team, led by researchers from Northwestern University, has made an incredible finding while studying patient reports from ten different countries. The countries they considered for the research as data sources are China, France, Germany, Italy, Iran, South Korea, Spain, Switzerland, the United Kingdom, and the United States. The findings discovered that the patients who died after being infected by the virus had a deficiency of vitamin D. The patients from countries with a more significant number of cases like the U.K., Spain, and Italy had a lower level of vitamin D than those from lesser impacted countries. However, Vadim Backman, the head of the research group, says that this would not mean that they needed to administer vitamin D in all patients, although more research was required in this area, and this could eventually lead to easily identifiable and achievable therapeutic targets.
Backman and his team were motivated to conduct this research as they noticed that there was a discontinuity in the number of cases across the world. However, at first, speculations pertaining to the hypothesis were prompted. Like the difference in population density, age difference in the population, level, and quality of healthcare and facilitation, etc. This did not convince Backman, and he continued to venture further into the study with his team. Now, Danesh Khan, who is an associate of Backman, states that it is the overactive immune system of the body that results in the hyper-inflammation of the lungs, causing a respiratory syndrome.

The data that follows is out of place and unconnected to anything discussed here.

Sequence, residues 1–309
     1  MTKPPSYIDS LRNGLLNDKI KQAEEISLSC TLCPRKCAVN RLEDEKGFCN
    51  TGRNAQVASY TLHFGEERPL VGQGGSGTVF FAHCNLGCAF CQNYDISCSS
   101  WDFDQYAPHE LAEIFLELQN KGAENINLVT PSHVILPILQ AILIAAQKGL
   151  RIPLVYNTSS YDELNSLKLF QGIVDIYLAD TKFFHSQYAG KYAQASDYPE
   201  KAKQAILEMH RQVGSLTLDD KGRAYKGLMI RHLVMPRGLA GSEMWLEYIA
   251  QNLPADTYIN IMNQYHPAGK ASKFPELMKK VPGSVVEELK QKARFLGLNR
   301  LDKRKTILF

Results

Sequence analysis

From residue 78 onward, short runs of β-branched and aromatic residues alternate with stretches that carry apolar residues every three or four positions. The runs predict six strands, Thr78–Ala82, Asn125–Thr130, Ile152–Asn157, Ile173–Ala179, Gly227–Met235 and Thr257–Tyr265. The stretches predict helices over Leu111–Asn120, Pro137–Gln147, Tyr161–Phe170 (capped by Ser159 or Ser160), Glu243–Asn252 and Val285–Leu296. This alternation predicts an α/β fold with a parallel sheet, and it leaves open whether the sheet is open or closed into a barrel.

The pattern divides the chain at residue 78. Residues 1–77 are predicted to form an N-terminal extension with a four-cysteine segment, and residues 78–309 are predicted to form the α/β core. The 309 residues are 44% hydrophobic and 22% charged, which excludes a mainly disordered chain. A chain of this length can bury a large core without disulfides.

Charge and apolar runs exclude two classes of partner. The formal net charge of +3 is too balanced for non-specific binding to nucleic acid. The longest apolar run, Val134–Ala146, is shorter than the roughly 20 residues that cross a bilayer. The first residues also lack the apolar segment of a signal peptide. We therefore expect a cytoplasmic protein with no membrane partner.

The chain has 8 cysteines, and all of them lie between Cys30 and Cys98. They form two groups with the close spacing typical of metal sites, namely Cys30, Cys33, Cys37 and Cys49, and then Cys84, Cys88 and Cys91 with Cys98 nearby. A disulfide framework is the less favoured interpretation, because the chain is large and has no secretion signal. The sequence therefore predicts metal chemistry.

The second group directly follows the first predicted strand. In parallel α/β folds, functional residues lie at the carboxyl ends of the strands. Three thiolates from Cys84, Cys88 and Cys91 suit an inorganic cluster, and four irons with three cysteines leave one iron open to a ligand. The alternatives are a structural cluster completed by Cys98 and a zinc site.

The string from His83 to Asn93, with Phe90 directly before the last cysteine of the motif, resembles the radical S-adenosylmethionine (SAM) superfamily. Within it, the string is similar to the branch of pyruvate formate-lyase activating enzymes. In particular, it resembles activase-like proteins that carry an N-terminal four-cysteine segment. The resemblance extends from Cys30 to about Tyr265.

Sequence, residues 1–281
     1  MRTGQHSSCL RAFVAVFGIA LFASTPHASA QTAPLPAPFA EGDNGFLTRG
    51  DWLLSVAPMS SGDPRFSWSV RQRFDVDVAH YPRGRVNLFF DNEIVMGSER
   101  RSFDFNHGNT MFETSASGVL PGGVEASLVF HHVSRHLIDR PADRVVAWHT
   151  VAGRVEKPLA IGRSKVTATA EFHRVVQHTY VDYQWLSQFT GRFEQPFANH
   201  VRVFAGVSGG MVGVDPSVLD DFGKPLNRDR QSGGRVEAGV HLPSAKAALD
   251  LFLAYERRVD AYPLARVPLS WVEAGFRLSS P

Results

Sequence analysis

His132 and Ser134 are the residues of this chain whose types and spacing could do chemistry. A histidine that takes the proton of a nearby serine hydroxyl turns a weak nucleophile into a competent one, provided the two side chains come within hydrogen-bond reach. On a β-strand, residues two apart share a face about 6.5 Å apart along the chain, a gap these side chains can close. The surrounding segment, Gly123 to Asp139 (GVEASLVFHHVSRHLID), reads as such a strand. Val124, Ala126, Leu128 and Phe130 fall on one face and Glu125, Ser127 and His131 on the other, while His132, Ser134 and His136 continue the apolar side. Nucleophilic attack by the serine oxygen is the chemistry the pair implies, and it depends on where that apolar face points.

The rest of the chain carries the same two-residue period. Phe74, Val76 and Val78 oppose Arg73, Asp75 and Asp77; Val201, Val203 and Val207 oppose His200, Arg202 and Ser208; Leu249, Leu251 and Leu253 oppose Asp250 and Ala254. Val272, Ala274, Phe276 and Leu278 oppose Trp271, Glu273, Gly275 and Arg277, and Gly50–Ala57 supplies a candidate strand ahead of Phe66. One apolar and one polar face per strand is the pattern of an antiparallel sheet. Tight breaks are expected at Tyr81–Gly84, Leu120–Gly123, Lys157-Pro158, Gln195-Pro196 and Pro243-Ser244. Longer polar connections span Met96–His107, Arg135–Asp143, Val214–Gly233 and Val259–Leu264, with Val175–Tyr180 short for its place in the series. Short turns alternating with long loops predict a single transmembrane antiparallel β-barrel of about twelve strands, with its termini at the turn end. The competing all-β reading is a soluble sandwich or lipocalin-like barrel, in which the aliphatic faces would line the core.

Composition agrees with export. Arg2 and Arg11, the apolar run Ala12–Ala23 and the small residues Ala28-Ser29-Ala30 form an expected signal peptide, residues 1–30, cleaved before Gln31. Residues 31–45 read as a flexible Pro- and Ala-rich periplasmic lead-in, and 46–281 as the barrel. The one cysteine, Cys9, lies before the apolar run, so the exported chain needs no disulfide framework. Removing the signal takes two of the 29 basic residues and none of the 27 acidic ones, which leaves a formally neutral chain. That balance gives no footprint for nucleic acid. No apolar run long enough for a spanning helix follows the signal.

Once the lungs get affected, they become prone to other conditions like cytokine storms. He says that these conditions are what causes deaths and not the virus itself. Professor Backman feels that the reason for this is the deficiency of vitamin D. The formula and dosage that can be standardized for universal use remain to be formulated.